Conservative Laestadianism

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Summer services at Perho, Finland in 2005
Laestadius preaching in Lapland.
In the right altar piece in Jukkasjärvi church, Laestadius kneeling before Sami woman Maria, who served as his teacher.
A speaker and older listeners at Summer Services in Perho, Finland 2005
The Christian Folk High School of Jämsä belongs to the conservative Laestadian movement in Finland.

Conservative Laestadianism is the largest branch of the Lutheran revival movement Laestadianism. It has spread to 16 countries. As of 2012 there were about 115,000 Conservative Laestadians, most of them in Finland, the United States, Norway, and Sweden.[1][2] The movement and this denomination attribute their teachings to the Bible and the Lutheran Book of Concord.


Laestadianism received its name from Pastor Lars Levi Laestadius. The origin of the denomination's name from the Finnish word for 'conservative' (vanhoillis-) is unknown. In North and South America as well as in Africa this denomination is known as the Laestadian Lutheran Movement.

The movement began in Swedish Lapland. Laestadius met a Sami woman named Milla Clementsdotter of Föllinge, during an 1844 inspection tour of Åsele. Clementsdotter recited various biblical teachings to Laestadius. This was an important meeting for Laestadius because afterwards he felt he understood the secret of living faith. He believed that he received the forgiveness for his sins and saw the way that led to the eternal life. His sermons underwent a marked transformation, and the movement began to spread from Sweden to Finland and Norway.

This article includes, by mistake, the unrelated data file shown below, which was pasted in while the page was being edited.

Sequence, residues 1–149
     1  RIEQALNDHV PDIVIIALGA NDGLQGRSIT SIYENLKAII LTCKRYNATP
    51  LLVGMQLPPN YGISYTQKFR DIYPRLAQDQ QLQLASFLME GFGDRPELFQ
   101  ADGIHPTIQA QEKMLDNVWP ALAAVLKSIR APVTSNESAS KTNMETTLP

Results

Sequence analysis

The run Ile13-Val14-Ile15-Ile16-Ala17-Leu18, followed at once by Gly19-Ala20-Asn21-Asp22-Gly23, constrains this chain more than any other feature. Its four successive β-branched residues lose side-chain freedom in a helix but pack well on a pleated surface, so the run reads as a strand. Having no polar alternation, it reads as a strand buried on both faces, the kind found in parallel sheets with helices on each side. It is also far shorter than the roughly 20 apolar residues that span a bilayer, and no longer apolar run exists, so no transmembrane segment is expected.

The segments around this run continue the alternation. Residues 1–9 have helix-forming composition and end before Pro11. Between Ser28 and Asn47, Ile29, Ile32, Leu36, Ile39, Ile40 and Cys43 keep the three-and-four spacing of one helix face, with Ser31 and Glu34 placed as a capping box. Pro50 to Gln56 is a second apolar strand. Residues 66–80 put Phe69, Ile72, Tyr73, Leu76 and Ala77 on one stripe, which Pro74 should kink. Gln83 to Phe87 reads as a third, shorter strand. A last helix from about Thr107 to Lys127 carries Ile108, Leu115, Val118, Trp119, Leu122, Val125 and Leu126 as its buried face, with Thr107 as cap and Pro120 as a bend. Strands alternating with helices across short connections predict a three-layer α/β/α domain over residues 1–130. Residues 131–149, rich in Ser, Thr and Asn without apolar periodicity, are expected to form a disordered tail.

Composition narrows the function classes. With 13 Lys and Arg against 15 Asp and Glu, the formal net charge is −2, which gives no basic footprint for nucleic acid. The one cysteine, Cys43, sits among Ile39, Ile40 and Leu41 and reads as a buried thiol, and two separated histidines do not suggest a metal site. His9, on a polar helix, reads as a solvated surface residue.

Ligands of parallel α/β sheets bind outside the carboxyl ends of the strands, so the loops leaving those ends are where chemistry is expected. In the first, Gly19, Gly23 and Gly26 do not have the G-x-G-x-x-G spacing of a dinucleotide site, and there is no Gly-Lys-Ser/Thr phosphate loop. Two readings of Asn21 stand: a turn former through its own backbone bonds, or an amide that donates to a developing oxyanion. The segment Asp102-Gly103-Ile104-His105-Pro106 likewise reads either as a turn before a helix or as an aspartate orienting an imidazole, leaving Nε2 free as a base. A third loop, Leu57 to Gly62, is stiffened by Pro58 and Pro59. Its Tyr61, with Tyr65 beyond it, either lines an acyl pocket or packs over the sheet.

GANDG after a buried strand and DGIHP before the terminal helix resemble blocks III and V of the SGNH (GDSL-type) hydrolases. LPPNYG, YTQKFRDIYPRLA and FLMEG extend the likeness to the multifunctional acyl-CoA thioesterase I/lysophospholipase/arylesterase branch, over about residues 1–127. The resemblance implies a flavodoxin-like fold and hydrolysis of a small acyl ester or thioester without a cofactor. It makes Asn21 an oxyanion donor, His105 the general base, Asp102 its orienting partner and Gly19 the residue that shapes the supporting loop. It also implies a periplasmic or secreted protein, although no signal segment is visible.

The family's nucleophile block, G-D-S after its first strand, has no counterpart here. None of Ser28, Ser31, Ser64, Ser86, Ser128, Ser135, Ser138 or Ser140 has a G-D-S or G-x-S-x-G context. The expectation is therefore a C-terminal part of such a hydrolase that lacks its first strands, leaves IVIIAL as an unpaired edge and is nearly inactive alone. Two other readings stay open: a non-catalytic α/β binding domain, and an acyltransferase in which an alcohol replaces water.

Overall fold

At the beginning of the 20th century, Laestadianism broke into three branches: The Firstborn Laestadianism, Reawakening and Conservative Laestadianism. After this major schism, several other groups have also departed from Conservative Laestadianism. It nevertheless remains the largest branch of Laestadianism.

Dissociation and exclusivity[edit]

Conservative Laestadianism's leadership rigidly adheres to the teaching that all other Christian groups, including other Laestadian sub-groups, even those doctrinally identical to Conservative Laestadians, are heretical and have no place in the Kingdom of Heaven.[3]


The central teaching of Conservative Laestadianism, like the movement as a whole, is the declaration of forgiveness of sins whereby members proclaim to one another, "You can believe all sins forgiven in Jesus' name and precious blood," or similar words. Upon receiving this rite, a believer is said to receive the Holy Spirit allowing him or her to be saved from eternal damnation on the basis that God forgets all sins when they have been forgiven. This rite is also called the power of the "keys of the kingdom."

Conservative Laestadians believe that God has given the gift of faith to every child born in the world, although in their world view only Conservative Laestadians actually accept the gift.